Monday, November 10, 2014

Classics Club: The Scarlet Letter

I may or may not have put this on my Classics Club list because I knew I had to read it for school... *sheepish grin*
Yeah, Hester's kinda creepy up close...

Anyway, I can see how people dislike this book, especially if you don't agree with it's theme about the consequences of sin. I tried to find it in my heart to give it 4 stars, but I had to give it 3. Maybe 3.25. It's not a bad book, but it's heavy. The ending and it's message are powerful, and the characters are well-developed, but it was missing that "thing" most of the time.

A lot of people know what this book is about, generally. So here is my very short synopsis:
Hester has committed a terrible sin. For punishment, she is forced to wear a scarlet letter. She refuses to give the name of her partner in crime, who is miserable in turn. To add to all this, someone is out to avenge himself. This story teaches that all sin has consequences, and your sin will find you out.
That sounded almost exciting, right? Well, it's okay. There are exciting parts, but most of it is description, philosophy, characterization, and so on. There's actually not much plot, making this a very character-driven novel. (Not that that's a bad thing!) Parts of this book are a little boring, but occasionally you come across a truly amazing statement:
It is to the credit of human nature, that, except where its selfishness is brought into play, it loves more readily than it hates. Hatred, by a gradual and quiet process, will even be transformed to love, unless the change be impeded by a continually new irritation of the original feeling of hostility.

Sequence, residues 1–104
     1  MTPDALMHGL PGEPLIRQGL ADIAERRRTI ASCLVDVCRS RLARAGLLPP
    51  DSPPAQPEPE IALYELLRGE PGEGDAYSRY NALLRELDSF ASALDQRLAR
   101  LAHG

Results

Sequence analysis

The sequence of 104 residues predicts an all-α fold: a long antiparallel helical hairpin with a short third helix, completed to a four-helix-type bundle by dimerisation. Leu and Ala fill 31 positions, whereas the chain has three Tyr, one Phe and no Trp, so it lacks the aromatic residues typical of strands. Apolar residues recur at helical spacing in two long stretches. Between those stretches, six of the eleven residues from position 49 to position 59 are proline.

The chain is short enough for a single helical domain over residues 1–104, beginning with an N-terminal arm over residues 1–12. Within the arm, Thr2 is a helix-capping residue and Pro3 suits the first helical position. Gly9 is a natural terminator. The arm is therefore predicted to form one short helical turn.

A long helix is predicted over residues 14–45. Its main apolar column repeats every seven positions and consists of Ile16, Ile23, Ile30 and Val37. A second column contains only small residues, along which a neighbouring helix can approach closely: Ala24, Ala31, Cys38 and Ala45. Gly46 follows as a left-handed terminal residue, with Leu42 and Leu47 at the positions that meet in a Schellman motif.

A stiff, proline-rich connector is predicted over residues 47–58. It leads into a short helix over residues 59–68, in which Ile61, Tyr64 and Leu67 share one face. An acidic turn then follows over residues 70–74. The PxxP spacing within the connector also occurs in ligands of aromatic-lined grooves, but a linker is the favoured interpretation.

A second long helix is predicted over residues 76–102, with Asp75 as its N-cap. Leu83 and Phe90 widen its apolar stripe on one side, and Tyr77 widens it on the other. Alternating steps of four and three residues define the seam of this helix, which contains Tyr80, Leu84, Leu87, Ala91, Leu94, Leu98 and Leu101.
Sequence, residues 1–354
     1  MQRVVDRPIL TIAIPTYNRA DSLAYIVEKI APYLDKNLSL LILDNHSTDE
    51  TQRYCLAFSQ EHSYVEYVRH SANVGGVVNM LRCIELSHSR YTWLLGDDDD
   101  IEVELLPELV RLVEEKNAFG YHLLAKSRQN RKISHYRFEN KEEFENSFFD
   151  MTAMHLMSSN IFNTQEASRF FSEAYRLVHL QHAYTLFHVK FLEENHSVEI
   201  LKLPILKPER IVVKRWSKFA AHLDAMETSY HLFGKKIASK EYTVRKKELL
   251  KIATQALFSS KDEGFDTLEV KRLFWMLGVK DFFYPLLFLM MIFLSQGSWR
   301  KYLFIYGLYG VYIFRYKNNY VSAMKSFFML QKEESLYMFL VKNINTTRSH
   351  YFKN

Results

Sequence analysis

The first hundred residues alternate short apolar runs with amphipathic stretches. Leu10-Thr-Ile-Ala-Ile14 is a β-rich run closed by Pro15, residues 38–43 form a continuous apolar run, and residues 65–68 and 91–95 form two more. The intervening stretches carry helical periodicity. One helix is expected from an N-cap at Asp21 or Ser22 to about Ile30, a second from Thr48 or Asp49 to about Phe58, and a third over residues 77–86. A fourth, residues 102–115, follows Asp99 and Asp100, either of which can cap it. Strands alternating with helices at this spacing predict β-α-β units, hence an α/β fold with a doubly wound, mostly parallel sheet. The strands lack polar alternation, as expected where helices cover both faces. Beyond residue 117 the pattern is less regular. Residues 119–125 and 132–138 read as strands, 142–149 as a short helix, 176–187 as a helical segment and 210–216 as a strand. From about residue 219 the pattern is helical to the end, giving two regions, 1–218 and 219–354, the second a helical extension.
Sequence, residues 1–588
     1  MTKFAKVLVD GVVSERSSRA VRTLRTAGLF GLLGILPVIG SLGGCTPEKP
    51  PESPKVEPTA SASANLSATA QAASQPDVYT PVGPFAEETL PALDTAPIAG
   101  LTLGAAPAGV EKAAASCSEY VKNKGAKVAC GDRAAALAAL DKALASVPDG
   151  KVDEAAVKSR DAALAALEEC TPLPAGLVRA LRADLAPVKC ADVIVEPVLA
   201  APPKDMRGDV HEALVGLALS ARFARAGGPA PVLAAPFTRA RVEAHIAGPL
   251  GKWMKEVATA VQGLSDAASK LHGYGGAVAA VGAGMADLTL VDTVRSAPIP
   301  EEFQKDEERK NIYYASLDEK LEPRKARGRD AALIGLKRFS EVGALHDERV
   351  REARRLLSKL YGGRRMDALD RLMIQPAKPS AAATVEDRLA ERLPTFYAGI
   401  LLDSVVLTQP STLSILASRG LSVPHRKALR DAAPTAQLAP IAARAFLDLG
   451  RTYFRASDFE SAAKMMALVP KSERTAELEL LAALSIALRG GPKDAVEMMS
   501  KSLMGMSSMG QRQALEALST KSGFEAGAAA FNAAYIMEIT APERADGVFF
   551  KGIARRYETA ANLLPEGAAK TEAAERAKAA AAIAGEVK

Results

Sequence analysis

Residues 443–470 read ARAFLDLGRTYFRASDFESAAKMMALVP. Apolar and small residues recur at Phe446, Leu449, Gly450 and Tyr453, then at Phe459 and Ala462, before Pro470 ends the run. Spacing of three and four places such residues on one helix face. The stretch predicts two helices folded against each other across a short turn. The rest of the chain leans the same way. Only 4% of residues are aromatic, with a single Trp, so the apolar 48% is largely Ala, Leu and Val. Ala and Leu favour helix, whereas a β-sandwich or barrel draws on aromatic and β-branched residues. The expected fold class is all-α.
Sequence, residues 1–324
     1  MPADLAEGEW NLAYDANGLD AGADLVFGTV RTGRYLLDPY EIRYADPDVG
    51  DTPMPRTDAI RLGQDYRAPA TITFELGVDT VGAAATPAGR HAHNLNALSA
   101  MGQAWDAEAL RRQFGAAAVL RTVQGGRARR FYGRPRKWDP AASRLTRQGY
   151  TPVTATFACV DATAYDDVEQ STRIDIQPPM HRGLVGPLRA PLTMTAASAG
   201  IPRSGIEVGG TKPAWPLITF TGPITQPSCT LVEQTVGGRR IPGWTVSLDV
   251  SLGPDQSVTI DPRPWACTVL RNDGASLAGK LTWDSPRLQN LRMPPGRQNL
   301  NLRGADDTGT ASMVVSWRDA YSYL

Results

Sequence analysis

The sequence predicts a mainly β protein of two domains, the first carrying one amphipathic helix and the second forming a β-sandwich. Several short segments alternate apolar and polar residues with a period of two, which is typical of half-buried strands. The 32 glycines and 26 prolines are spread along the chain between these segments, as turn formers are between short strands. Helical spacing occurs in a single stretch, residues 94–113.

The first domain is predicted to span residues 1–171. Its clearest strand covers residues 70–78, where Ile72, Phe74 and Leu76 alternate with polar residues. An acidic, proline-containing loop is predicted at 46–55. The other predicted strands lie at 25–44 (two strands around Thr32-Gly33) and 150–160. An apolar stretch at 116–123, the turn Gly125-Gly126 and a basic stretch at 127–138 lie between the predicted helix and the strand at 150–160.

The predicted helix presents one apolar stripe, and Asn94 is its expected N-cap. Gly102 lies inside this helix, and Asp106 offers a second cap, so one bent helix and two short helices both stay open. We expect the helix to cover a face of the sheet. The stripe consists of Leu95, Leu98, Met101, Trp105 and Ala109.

My motto with Nathaniel Hawthorne is : He's either really captivating, or really boring. Because sometimes, he's amazing! Almost on a Dickens level! But other times, he puts me to sleep.

Now the characters, since this was a very character-driven novel:

I have to write a character analysis of Hester. I wanted to sympathize with her, I really did. But she was still stubborn and unrepentant. "The scarlet letter had not done its office."

Roger Chillingworth was awful!! I occasionally like reading revenge stories, The Count of Monte Cristo for instance, but this was a story that showed the dark side of revenge, how it can eat up a man and turn him into a devil.

Pearl was, lets just say I didn't know what to think of her. No child I know has acted remotely like her. She was heart-breaking and enchanting at the same time.

And Dimmesdale, he was so tortured. It was so sad. He didn't have the courage to confess to man, nor the faith to confess to God. He is a lesson to all of us about hypocrisy and hiding our sin.
Be true! Be true! Be true! Show freely to the world, if not your worst, yet some trait whereby the worst may be inferred!
Is Pearl wearing pants?!?
You really had to think to enjoy this book; that's not a bad thing either! (I probably should have thought more while I read it...) I would read it again, but not in the near future. There were a few chapters that nothing really happened in, actually about a half of the chapters were description. Most of the time that was okay, but sometimes I was like "Seriously! I don't care what the people looked like when they were in town. Get to the good stuff!" (Relative term, I know)

This review may make this book sound really bad, but it's not. It's full of great values and lessons, but sometimes it's a little hard to get into. However, I promise you, by the climax, you won't be able to put it down.

Is there a book you read that was missing that "thing"?
What is that "thing" for you?

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